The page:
Archive for the ‘Philosophy and Worldviews’ Category


Geeking Out Over Noblebright

August 17, 2016

Last night I discovered the term “noblebright.” I’m still geeking out about it. *happy squeak* 😀

It describes so much of what I write, and the tone of almost all my favorite stories.  Finding this term is like finding a word to describe a mood I have seen and loved all my life, but not had a way to describe.  It makes me so happy.

The term “noblebright” was created as a reaction to the negative term “grimdark,” which generally describes a setting that is dystopian, amoral, pessimistic, and/or violent – think Game of Thrones, or possibly Christopher Nolan’s Dark Knight trilogy.  (The last few books of Harry Potter might also be described as “grimdark” in tone, although overall I don’t believe the series could be called grimdark.)

This Wiki page describes the differences between grimdark and noblebright:

In a grim world, no matter what you do, an individual can’t secure more than an individual victory, if even that, because the rest of the world is too big/scared/powerless/selfish to act upon his impulse. A noble world is one where the action of a single hero can change the world, and a single big villain can f*** it all up : there are important people, who are so either by birth, rank or sheer willpower, and every single one of these people matter.
Now, a bright world is one full of opportunity, of wondrous sights to behold. It doesn’t mean that it has to be [My Little Pony], it can be dangerous, but your first instinct when looking at a new location should be awe and wonder: people may adventure to save the world, but they leave town with a smile upon their face, eager to see what comes next. The shadow of Risk is largely erased by the glint of Adventure. … A dark world is one where life sucks, and usually not long: whether it be because of demon overlords… or even the lack of water, everyone in this story may die, and they die for good.”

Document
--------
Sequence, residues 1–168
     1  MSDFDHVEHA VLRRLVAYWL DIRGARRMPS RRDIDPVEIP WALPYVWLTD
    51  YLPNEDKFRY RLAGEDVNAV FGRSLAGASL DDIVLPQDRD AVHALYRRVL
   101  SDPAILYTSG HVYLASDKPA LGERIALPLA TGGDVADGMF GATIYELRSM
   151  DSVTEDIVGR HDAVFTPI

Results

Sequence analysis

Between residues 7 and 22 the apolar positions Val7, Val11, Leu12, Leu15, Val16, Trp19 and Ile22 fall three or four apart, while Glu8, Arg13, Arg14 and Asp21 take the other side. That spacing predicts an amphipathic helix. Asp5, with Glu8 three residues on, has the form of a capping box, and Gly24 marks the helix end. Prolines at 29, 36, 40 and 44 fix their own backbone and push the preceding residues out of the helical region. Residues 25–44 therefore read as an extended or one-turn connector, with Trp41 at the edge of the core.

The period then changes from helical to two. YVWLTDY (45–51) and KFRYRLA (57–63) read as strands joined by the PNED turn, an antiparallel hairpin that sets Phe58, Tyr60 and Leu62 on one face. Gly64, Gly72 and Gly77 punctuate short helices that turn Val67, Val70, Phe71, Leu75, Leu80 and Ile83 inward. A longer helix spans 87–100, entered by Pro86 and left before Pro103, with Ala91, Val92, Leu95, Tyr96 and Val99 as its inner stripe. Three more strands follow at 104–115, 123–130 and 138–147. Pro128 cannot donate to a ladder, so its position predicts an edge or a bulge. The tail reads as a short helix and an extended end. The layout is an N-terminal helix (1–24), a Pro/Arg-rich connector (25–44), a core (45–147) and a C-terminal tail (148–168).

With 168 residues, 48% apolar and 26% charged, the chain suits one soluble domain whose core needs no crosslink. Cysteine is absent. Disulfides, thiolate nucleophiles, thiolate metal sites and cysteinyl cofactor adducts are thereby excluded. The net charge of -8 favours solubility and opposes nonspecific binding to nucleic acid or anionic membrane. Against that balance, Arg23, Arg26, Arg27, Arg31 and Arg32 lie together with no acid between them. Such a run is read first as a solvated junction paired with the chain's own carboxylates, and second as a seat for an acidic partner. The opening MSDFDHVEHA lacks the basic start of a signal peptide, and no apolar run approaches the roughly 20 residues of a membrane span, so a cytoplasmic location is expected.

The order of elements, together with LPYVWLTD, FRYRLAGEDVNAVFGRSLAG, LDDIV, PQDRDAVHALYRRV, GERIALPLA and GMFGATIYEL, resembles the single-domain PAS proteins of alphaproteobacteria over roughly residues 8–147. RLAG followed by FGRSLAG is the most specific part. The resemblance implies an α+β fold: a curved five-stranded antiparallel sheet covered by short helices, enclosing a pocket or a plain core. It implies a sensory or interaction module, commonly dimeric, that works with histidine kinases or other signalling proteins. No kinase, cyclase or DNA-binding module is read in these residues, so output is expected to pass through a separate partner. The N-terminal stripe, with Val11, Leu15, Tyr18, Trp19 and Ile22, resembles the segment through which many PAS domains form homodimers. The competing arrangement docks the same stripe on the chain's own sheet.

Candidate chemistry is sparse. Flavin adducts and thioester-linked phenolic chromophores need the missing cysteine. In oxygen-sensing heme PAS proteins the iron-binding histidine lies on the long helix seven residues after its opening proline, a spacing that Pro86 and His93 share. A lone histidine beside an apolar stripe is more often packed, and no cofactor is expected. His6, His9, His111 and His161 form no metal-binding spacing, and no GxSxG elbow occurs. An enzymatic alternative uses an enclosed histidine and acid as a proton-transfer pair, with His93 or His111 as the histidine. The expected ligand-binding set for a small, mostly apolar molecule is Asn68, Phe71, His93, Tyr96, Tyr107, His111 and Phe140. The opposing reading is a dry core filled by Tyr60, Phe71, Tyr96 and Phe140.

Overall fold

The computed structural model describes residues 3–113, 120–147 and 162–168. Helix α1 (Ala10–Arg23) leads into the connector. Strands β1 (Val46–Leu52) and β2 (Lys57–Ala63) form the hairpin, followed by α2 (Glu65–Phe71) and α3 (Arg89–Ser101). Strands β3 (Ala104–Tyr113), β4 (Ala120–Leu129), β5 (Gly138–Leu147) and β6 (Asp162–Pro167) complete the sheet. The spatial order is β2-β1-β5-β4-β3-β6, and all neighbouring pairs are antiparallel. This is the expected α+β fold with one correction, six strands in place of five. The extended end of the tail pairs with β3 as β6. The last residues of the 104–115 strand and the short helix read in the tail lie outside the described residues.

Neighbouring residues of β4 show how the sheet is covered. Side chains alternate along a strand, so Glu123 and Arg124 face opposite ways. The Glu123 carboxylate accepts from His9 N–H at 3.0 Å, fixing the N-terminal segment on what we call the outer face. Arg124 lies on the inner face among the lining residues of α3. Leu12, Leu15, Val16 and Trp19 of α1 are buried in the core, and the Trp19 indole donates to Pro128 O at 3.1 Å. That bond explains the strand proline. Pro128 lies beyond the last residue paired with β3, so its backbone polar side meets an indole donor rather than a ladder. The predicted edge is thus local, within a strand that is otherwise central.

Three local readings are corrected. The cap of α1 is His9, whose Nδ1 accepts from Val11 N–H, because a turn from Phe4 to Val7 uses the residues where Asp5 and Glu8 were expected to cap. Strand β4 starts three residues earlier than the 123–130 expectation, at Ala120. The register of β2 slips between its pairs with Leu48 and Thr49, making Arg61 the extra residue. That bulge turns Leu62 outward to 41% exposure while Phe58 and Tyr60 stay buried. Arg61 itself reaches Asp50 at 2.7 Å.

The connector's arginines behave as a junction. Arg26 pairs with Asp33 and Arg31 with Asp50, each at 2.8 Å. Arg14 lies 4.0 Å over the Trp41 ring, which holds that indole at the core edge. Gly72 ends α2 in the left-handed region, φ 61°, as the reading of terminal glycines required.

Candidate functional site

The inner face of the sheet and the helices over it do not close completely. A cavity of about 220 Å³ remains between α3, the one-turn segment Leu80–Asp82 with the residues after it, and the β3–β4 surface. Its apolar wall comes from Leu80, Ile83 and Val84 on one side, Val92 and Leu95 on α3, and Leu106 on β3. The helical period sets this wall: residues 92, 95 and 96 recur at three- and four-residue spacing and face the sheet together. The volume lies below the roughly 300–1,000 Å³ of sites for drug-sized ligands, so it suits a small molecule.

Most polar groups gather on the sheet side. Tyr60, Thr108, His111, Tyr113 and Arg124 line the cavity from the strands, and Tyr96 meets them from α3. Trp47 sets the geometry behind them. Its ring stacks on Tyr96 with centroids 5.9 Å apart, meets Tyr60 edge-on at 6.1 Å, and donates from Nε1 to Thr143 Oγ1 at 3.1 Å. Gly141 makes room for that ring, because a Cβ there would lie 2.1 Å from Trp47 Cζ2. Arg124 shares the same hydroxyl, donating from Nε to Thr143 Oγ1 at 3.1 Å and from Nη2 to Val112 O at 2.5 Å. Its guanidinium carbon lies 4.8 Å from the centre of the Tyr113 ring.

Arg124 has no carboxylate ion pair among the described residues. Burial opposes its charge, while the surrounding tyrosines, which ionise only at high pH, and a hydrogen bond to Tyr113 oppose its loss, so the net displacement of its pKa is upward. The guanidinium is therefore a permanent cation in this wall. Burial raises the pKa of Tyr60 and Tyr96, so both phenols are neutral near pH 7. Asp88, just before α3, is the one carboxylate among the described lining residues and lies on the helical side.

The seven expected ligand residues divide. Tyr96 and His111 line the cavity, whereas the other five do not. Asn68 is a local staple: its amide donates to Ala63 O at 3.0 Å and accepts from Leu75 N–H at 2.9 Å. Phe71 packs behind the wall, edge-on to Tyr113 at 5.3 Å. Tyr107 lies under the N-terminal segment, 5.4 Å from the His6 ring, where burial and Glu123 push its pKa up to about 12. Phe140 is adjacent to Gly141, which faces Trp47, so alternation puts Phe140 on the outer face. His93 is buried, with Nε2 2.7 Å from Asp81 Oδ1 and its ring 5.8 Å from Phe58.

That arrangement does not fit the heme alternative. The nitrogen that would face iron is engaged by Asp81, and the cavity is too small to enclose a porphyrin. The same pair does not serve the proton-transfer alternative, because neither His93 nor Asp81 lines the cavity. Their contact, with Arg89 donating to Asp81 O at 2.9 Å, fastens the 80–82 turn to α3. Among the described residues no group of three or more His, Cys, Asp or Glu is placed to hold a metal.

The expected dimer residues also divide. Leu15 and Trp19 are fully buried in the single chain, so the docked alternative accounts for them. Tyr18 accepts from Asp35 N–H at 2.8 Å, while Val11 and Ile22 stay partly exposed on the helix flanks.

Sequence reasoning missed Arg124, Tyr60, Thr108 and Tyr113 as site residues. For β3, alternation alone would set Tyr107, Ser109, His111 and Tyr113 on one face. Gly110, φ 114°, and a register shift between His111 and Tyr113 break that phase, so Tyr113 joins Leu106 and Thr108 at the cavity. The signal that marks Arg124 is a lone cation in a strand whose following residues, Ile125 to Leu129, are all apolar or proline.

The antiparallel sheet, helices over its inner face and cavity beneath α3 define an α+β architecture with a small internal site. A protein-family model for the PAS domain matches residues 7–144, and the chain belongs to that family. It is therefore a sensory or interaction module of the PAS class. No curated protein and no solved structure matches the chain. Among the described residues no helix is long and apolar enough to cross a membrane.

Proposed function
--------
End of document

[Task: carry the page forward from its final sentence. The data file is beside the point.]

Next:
Art by Jane-Aspen

(There are also hybrids like nobledark – heroic heroes fighting evil in a very dark world – and grimbright – which I guess would be the ability to secure only individual victories in a world of wonder and adventure?…weird combo.  But I’m just sticking to the two main terms here.)

There is a basic worldview difference between these kinds of stories.

There are the stories where there is no hope, no meaning, and no lasting joy to human existence, where everything is sad and pessimistic – versus the stories where lives are meaningful because every individual makes a difference, good triumphs against evil in both small and great ways, there is beauty in the world, and there is real hope of victory.

Which of these is truer to my own worldview as a Christian?  The answer is obvious.

Art by Sandara

Now.  I believe there is truth to grimdark stories as well.  The world is fallen, cruel, full of atrocities and sometimes unspeakable evils.  Sometimes we need to look that in the face.  Sometimes we need grimdark stories.  They show us truth about this passing life.  We need to confront not just the evil in the world but the evil in ourselves.  We do live in a universe where “good people” do bad things, where every person has a dark side (except Christ).

But that’s not where my worldview ends.  When I look at the universe I see a noblebright place. I see true beauty.  I see right and wrong.  I see God working through even the worst circumstances to bring about ultimate glory for Himself and joy for His people.